If you know for certain or suspect that someone is suffering domestic abuse, how can you help them?
It’s a tricky situation to find yourself in, but there are things you can do to help a domestic abuse sufferer. We urge you not to look the other way, even if the person doesn’t want your help, because you could save a life.
Irish statesmen, economist, and philosopher, Edmund Burke, once said: “The only thing necessary for the triumph of evil is for good people to do nothing.” If you suspect or know that someone is being abused domestically, we appreciate it can be highly challenging to help them without being accused of interfering or becoming a target of the abuser yourself.
However, if as a society we want to continue raising awareness of domestic violence and stamp it out, we must be willing to act if we know or suspect that a person is being abused. So, here’s how you can help a domestic abuse sufferer…
Tips to help a domestic abuse sufferer
Give them your time
When reaching out to help a domestic abuse sufferer, it’s important to give them your time. If they decide to open up, you don’t want to be ending the conversation because you have another commitment.
Initiate the conversation
If you suspect that someone is being abused, it’s unlikely that they will come out and just say it due to the fear associated with domestic violence. However, you can start the conversation in a way that gives a person the opportunity to open up. Very Well Mind recommends bringing up the subject by saying: “I’m worried about you because…” or “I’m concerned for your safety…” or “I’ve noticed some changes in you that concern me…” You may have spotted changes that include a change in what they would normally wear – often a sign that they are trying to cover up bruises – or they have become quiet and withdrawn despite previously having an extrovert personality. When starting a conversation, it’s important that you reassure the person that you will be discreet about what is shared. You should not try to force the issue, let the conversation unfold at their pace.
It’s easy to just blurt out that the person being abused should just leave their abuser. This is easier said than done, and it’s actually not what the person needs to hear. Instead, they need you to listen without judging them, offering advice, or trying to give solutions.
Look out for the warning signs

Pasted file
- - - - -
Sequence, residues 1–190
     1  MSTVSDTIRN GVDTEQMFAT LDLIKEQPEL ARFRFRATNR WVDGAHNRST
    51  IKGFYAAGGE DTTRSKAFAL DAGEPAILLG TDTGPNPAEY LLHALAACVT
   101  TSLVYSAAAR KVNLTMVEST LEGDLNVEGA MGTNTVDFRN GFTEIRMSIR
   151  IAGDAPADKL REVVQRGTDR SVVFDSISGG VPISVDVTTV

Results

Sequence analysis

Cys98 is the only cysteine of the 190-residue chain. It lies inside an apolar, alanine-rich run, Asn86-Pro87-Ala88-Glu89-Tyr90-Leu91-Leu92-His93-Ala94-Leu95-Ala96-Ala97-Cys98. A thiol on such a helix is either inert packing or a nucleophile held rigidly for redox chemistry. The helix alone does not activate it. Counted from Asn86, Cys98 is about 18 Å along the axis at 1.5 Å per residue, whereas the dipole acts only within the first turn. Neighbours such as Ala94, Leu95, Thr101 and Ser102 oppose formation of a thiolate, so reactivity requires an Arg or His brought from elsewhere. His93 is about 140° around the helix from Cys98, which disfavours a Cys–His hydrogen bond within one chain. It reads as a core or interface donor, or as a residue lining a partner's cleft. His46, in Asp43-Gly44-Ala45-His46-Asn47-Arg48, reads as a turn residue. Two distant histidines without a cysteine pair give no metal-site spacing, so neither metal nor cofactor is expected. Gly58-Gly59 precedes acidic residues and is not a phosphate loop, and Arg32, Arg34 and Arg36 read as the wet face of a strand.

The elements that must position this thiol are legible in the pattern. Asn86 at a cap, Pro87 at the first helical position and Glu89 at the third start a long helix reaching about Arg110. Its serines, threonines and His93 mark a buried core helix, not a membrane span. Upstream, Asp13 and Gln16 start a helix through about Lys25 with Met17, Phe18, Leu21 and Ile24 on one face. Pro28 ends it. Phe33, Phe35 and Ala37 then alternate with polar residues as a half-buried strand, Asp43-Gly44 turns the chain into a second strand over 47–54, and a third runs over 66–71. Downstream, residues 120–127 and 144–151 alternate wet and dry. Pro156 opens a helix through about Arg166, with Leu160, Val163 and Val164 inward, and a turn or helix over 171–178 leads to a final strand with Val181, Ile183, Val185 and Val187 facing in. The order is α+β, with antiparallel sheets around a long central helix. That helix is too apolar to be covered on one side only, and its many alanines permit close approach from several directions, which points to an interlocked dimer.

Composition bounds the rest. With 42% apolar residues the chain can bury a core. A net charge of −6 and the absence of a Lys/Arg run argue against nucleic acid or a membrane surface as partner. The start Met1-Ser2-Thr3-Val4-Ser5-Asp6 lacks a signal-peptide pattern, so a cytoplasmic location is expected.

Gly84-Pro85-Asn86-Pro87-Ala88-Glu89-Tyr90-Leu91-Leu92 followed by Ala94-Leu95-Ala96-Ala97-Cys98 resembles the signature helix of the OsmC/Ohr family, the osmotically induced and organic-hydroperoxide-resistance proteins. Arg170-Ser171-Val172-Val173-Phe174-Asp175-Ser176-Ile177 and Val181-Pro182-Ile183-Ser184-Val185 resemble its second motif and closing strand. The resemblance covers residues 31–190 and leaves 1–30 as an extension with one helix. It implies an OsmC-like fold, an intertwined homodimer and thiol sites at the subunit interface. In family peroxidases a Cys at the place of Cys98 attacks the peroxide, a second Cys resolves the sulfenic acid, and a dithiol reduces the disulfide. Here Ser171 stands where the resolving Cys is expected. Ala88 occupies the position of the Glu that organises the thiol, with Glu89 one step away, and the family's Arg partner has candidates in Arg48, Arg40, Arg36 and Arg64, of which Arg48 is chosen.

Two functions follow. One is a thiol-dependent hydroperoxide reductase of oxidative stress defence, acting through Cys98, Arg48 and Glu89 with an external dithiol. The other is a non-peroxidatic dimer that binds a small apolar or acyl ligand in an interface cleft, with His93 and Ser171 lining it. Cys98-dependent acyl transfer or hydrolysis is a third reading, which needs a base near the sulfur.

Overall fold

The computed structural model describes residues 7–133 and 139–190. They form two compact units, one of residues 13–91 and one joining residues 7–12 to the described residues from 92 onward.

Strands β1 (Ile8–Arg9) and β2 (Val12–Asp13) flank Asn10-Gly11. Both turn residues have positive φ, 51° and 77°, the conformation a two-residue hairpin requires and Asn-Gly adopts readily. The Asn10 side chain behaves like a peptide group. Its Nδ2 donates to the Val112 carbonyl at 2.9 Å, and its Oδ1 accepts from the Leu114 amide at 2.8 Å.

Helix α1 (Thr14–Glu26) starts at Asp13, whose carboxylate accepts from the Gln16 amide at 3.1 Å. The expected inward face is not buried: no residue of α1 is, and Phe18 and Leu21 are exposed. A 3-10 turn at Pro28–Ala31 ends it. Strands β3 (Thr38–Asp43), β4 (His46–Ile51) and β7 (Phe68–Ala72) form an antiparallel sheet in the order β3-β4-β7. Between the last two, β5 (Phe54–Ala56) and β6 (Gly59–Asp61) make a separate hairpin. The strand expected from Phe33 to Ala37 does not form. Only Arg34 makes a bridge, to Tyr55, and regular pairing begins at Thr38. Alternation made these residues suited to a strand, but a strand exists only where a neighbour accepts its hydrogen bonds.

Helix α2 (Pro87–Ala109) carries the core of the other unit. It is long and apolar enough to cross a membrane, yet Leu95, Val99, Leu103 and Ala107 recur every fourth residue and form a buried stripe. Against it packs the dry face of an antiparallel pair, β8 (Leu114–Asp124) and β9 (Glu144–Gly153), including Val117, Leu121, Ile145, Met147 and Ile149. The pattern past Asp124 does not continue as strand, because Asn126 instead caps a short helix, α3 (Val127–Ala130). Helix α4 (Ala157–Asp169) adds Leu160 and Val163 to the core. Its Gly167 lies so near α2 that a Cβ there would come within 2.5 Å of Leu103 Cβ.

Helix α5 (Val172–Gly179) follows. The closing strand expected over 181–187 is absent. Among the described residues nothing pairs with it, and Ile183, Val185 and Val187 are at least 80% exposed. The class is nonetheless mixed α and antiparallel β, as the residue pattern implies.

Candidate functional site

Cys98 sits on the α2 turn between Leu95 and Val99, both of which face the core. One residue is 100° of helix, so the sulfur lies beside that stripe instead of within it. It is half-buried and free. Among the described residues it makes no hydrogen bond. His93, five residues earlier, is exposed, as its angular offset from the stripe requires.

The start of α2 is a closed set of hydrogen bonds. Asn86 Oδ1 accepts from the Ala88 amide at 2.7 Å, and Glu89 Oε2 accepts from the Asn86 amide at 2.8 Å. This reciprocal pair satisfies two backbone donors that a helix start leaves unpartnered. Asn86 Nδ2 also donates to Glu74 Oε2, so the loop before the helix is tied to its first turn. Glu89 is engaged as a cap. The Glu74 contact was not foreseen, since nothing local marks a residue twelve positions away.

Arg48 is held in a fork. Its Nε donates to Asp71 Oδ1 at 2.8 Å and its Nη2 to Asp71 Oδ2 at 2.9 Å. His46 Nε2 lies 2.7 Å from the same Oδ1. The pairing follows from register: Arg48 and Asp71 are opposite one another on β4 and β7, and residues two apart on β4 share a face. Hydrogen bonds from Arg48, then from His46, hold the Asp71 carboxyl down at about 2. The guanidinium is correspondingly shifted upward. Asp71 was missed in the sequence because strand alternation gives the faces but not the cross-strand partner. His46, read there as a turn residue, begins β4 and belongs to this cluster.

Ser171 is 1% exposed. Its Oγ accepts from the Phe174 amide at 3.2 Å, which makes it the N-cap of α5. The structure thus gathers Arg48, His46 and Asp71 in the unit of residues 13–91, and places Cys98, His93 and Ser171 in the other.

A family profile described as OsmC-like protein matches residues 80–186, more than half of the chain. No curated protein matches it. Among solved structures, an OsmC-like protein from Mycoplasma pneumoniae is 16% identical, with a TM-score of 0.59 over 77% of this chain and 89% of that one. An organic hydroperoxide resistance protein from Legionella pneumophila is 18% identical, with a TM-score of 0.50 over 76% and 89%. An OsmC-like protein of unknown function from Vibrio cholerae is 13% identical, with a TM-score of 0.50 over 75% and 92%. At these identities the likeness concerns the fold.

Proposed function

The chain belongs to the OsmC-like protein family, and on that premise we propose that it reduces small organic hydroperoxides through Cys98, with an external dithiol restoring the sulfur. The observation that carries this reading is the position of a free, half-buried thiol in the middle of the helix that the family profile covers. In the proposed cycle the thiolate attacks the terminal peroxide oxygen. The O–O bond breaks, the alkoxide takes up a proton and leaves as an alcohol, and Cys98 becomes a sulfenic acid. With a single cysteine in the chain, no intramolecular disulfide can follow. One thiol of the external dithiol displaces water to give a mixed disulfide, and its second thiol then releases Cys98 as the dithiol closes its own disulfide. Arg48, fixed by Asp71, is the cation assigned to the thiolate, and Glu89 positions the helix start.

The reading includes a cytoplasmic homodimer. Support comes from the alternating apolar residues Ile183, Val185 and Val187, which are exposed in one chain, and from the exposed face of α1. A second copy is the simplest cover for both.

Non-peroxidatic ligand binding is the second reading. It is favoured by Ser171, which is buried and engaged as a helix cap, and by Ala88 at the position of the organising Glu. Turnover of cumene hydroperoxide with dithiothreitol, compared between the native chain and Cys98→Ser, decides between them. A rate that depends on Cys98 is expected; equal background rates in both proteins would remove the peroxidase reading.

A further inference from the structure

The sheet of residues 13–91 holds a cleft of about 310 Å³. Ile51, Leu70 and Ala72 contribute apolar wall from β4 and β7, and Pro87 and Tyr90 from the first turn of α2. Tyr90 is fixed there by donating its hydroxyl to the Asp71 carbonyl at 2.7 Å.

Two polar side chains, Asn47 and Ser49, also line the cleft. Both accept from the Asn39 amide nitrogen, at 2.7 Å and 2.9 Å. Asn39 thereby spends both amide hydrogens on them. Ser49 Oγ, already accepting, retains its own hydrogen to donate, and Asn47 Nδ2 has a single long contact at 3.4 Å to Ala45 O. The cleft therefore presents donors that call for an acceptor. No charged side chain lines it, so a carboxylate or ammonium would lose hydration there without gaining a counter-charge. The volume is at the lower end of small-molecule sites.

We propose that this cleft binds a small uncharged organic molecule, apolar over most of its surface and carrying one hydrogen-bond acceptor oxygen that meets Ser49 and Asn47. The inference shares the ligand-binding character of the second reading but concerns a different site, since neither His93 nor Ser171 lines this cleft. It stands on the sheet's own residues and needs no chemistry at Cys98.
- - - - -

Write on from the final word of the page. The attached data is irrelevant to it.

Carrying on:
If you don’t know for sure that a person is being abused, but you suspect, there are things you can look out for physically, emotionally and behaviourally.
The physical signs to look out for include:
- Increased use of makeup/change of hairstyle – if the person doesn’t typically wear makeup, or wears a minimal amount, a sudden increase in makeup use could be a sign of trying to cover up bruises, split lips and more. Meanwhile, they may have styled their hair in such a way to avoid revealing bruises or cuts to the face.
- Change in clothing – if a person suddenly starts wearing clothing you wouldn’t typically expect them to wear, this could be a sign of trying to cover up cuts, bruises, burn marks and more. Sometimes hats are worn to cover up where hair has been pulled out.
- Breaks or sprains – if a person is experiencing regular bone breaks or sprains, this could be a sign of abuse at home. It’s likely that they will make up a story to explain these injuries away.
Some of the emotional and mental signs to look out for include:
- Substance abuse
- Sudden anxiety
- Constantly apologising for things
- A loss of interest in activities they once enjoyed
- Talking about suicide
Some of the behavioural signs to be aware of include:
- Withdrawal from seeing family and friends
- Cancelling appointments or meetings at the last minute
- Increasingly late for work
Believe what they’re saying
One of the best ways you can help a domestic abuse sufferer is to believe what they are saying. It’s often the case that only those suffering abuse see the darker side of the person abusing them. It’s not uncommon for people to be shocked to learn that someone they know could be abusive.
It’s one of the reasons why many sufferers don’t speak out about the abuse they are experiencing. You should believe their story and reassure them that it’s not their fault and don’t deserve what’s happening to them.
Help form a plan
If the person suffering the abuse wants to escape their situation, you can help them formulate a plan… away from the prying eyes of their abuser. You can coordinate resources, get legal advice and help them to visualise what they need to do to free themselves.
A plan could include:
- A place to go in an emergency
- A prepared excuse to leave should they feel threatened
- A code word that alerts friends or family that they need help
- Having an escape bag ready that contains the essentials